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Case of anti-NMDA receptor encephalitis in a female adolescent with favourable response to second-line treatment with cyclophosphamide
  1. April Faye Pamillaran Barbadillo1,
  2. Rhea Angela Salonga Quimpo2 and
  3. Benilda Sanchez-Gan2
  1. 1Department of Pediatrics, University of the Philippines Manila, Manila, Philippines
  2. 2Department of Neurosciences, Department of Pediatrics, University of the Philippines Manila, Manila, Philippines
  1. Correspondence to Dr April Faye Pamillaran Barbadillo; apbarbadillo{at}


We report the case of a female adolescent who presented with behavioural changes. She was admitted to our institution due to worsening psychiatric and neurological symptoms, subsequently diagnosed with anti-N-methyl-D-aspartate receptor encephalitis. Additional workup was facilitated to rule out a possible underlying teratoma, but all tests turned out unremarkable. First-line treatment with methylprednisolone pulse therapy and intravenous immunoglobulin was started, to which she showed marked improvement from baseline. One month after discharge, a decision for readmission was made because of persistent episodes of hallucinations, agitation and dyskinesias. In this case report, we highlight the use of cyclophosphamide over rituximab as second-line treatment in a resource-limited setting, owing to its greater availability and lesser cost. Cyclophosphamide treatment was given resulting in a more sustained clinical improvement with return to baseline function.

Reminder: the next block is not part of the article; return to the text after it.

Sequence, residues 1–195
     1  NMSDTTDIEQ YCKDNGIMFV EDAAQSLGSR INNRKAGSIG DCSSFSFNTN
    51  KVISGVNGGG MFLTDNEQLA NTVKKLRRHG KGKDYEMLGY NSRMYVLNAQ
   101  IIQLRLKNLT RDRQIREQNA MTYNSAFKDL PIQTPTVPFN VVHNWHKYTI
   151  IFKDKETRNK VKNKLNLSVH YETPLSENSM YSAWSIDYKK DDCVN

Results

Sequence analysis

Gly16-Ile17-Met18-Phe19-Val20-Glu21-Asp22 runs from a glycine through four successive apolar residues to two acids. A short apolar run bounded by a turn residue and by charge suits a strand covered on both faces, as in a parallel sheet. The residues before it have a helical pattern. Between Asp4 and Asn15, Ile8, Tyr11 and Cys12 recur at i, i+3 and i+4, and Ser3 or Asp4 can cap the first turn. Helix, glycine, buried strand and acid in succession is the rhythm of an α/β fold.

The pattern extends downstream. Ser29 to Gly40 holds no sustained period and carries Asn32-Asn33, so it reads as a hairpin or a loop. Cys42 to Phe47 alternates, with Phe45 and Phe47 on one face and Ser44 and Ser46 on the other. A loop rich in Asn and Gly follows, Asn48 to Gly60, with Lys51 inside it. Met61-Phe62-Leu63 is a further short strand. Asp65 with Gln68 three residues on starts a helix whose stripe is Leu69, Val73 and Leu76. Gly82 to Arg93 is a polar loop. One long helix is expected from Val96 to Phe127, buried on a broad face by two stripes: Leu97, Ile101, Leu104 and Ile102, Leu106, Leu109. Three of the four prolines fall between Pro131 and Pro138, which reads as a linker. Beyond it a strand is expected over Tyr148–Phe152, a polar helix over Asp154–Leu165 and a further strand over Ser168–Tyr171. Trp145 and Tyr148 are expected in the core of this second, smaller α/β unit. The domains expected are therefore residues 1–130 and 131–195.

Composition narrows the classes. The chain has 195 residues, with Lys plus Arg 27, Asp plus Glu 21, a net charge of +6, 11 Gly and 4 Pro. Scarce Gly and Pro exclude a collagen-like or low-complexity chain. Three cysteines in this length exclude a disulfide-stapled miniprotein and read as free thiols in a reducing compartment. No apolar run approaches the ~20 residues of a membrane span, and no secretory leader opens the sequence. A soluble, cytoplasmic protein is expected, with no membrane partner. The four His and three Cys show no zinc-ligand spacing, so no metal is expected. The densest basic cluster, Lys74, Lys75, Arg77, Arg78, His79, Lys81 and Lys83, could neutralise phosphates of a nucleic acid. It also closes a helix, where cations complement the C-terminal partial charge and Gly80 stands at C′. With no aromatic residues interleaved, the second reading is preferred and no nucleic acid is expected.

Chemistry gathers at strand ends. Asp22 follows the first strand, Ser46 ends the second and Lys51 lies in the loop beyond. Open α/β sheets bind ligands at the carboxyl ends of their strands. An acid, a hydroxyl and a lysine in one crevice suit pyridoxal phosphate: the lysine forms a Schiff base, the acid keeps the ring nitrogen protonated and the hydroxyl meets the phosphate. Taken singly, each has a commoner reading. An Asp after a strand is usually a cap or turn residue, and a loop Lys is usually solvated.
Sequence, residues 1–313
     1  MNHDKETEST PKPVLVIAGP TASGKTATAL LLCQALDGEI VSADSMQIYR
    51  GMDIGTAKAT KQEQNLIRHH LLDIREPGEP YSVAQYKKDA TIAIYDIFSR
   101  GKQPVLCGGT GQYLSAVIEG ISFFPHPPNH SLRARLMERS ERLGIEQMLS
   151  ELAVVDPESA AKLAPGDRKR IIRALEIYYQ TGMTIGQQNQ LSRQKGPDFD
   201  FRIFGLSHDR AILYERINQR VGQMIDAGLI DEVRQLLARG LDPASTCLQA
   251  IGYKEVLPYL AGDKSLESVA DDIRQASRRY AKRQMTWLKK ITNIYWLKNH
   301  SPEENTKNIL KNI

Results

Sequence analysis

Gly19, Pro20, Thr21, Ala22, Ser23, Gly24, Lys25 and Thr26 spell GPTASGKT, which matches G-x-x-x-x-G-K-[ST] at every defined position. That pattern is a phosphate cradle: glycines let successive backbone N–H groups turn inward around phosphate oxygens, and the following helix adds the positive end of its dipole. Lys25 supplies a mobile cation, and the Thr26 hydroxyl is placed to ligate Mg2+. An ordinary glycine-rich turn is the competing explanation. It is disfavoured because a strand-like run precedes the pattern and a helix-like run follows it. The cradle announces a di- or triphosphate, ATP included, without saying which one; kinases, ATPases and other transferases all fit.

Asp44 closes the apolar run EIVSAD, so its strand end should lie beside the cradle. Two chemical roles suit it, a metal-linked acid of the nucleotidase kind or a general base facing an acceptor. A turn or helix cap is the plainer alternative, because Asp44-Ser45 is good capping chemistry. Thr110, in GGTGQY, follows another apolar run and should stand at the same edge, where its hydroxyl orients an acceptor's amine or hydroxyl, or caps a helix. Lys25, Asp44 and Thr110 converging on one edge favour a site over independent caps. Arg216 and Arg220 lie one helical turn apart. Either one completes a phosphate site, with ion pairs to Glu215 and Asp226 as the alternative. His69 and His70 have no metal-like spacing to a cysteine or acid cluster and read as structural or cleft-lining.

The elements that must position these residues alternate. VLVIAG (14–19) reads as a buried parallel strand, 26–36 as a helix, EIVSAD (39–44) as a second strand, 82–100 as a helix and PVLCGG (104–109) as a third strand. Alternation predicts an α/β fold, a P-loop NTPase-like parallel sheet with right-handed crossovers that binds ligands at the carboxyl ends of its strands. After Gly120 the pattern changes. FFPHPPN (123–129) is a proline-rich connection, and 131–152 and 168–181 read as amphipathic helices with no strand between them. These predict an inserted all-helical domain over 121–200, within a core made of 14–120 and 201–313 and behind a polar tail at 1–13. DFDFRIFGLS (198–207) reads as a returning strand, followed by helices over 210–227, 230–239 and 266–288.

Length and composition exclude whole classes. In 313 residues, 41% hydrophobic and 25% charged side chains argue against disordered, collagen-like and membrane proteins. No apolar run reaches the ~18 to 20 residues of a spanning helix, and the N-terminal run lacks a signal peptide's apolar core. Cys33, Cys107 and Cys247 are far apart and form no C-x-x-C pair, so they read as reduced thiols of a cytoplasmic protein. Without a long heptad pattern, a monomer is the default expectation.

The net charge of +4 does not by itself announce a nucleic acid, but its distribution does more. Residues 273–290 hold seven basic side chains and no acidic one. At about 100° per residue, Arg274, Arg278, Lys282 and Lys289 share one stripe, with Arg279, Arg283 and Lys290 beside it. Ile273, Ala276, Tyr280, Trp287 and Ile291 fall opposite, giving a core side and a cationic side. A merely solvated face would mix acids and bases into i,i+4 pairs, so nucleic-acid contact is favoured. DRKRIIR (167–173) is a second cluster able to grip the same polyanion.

• Neurology
  • Paediatrics

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  • Contributors AFPB was able to see the patient, do physical examination and provide daily medical management during the course of the patient’s hospital stay. BS-G and RASQ provided guidance in the patient management. They also provided insights to the actual paper content, focusing especially on the paper’s contributions.

  • Funding The authors have not declared a specific grant for this research from any funding agency in the public, commercial or not-for-profit sectors.

  • Case reports provide a valuable learning resource for the scientific community and can indicate areas of interest for future research. They should not be used in isolation to guide treatment choices or public health policy.

  • Competing interests None declared.

  • Provenance and peer review Not commissioned; externally peer reviewed.